I chose to write about this topic because of concern for my clients, and other pet owners. Recently I have seen several pet owners with aggressive, highly uncontrolled dogs that don't seem concerned about these mannerisms in their canines. This is a serious problem that can lead to severe injuries, and even death. I want to promote responsible pet ownership, and happiness for both people and their cherished companions. A dog that is well socialized will be more likely to be taken places, and be able to participate in more events. This is also a safety issue for your dog. If your buddy needs medical care; but it is difficult to handle him or her, than sedation may be required for treatment. If your buddy is choking, you need to be able to remove something from his or her mouth without issues. You should be able to comfortably evaluate your dog's mouth, touch his/her ears, hold him/her for vaccines, etc. If you are not able to do these basic tasks, there is cause for concern.
According to the Centers for Disease Control, 4.5 million Americans are bitten by dogs annually. Children are most often the ones bitten; and it frequently occurs with their own dog, or the dog of a family friend. The more dogs that live in the household, the more likely for someone in that family to experience a bite. Children are also more likely to need medical attention, and the most serious dog bite injuries take place in children under 10 years old; sometimes leading to death. These same youngsters, if they survive, often develop a fear of animals that they carry with them throughout their lifetime. In 2006, more than 31,000 people underwent reconstructive surgery as a result of a dog bite. In addition to the physical and emotional injuries, there are other financial costs to consider. If someone is bitten by your dog and you are sued, you could loose your home and other valuable assets. It is estimated that dog bites costs Americans $356 million dollars annually. Keep in mind that it can be very difficult to collect reimbursement from Home owner's policies and Renter's insurance in these instances. Also, many property owners will not let you rent from them if you own a dog of a certain breed that is suspected to be more aggressive.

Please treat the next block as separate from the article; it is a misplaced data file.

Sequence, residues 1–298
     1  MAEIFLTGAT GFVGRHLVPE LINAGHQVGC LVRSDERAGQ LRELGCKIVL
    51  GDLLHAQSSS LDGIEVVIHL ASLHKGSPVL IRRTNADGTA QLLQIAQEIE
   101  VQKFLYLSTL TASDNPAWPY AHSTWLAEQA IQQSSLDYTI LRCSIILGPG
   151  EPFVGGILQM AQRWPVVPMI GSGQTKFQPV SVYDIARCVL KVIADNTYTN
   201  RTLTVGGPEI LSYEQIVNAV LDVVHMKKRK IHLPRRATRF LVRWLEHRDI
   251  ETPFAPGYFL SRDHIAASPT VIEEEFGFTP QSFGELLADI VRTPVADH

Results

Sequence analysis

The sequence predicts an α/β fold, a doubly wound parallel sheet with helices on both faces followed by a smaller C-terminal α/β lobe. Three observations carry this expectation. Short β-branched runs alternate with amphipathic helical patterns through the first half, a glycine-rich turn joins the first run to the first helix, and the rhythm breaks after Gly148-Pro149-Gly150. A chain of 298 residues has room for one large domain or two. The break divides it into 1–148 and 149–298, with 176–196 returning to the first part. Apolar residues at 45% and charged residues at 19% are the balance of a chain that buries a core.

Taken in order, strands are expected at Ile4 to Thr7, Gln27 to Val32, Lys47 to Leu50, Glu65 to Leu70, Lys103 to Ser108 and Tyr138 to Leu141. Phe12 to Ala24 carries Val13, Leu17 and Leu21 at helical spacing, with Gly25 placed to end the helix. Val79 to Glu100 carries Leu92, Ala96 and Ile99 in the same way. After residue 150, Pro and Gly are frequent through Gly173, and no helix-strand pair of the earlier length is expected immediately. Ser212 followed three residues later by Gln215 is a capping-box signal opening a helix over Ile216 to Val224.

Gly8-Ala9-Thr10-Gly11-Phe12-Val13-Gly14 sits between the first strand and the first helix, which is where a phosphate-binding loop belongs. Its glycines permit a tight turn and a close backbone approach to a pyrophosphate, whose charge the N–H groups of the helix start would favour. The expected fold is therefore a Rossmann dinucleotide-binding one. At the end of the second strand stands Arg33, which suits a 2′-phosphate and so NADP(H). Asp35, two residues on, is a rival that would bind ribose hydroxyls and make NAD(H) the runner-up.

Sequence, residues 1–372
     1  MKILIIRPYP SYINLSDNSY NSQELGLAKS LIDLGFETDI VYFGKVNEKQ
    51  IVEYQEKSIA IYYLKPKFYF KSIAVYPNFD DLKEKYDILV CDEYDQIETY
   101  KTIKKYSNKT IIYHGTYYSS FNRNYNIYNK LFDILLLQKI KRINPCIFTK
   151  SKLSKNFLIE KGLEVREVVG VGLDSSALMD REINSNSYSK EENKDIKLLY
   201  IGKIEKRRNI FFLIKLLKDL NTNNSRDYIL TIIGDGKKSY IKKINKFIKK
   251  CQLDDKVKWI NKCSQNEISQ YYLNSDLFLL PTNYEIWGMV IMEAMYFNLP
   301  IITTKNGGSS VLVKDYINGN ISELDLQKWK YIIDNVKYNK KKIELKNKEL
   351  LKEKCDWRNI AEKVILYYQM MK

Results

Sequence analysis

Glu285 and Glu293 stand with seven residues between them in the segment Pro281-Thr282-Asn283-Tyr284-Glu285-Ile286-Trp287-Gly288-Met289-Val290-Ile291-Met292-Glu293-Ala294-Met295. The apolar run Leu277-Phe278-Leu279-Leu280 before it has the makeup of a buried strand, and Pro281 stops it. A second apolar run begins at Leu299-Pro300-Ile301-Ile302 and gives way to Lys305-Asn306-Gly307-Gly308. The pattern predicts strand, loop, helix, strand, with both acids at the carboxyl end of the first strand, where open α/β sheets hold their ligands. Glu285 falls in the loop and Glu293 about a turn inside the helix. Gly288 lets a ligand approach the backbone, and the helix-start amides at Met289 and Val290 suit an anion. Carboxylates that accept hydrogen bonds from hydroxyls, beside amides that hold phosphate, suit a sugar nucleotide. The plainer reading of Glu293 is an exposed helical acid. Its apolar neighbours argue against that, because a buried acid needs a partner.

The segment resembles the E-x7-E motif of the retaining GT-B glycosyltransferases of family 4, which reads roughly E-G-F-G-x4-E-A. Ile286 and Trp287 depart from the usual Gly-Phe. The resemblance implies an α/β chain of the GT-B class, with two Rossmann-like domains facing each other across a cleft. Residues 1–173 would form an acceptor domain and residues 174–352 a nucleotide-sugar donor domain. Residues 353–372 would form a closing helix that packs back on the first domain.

There are many things that you can do to prevent dog bites. Do not bring an aggressive dog into your home, especially if you have small children. Spay or Neuter your canine, as removing the source of hormones greatly decreases protective tendencies. Do not leave infants or young children unattended with dogs. Take you dog to obedience training, and socialize them with other dogs and people. Working at home with your canine is not the same as taking him or her to a different location, and practicing commands in the presence of strange dogs and other distractions. In addition to group lessons, some trainers will offer private home instruction. It also helps to know your dog. What locations, settings, or activities trigger anxiety in your pet? Avoid these situations, or remove your buddy at the first sign of a problem. Keep in mind that your dog can also sense when you are nervous. Do not play games such as tug of war with your buddy, as these can trigger aggression. Do not train your dog to chase or attack people. Seek professional advice from a veterinarian, trainer, or and/or behaviorist right away if aggressive tendencies start to appear. Keep your dog's vaccinations current. And remember, that many dog bites occur from nice dogs who were startled or provoked.
There are also specific safety tips for children that are recommended by the Humane Society. Do not approach a dog that you do not know. Do not run from a dog or scream. Remain motionless when approached by an unfamiliar dog. If you are knocked down, roll into a ball to protect your face. Report stray dogs to an adult. Do not disturb a dog that is sleeping, eating, or nursing. Avoid direct eye contact with canines. And immediately report all dog bites to an adult.
Dog aggression is a serious public health problem in the United States that results in physical, emotional, and financial damage. Please act responsibly to help to reduce this issue in our area. Further information can be found at the websites of the Centers For Disease Control and Prevention www.cdc.gov and the Humane Society of The United States www.humanesociety.org.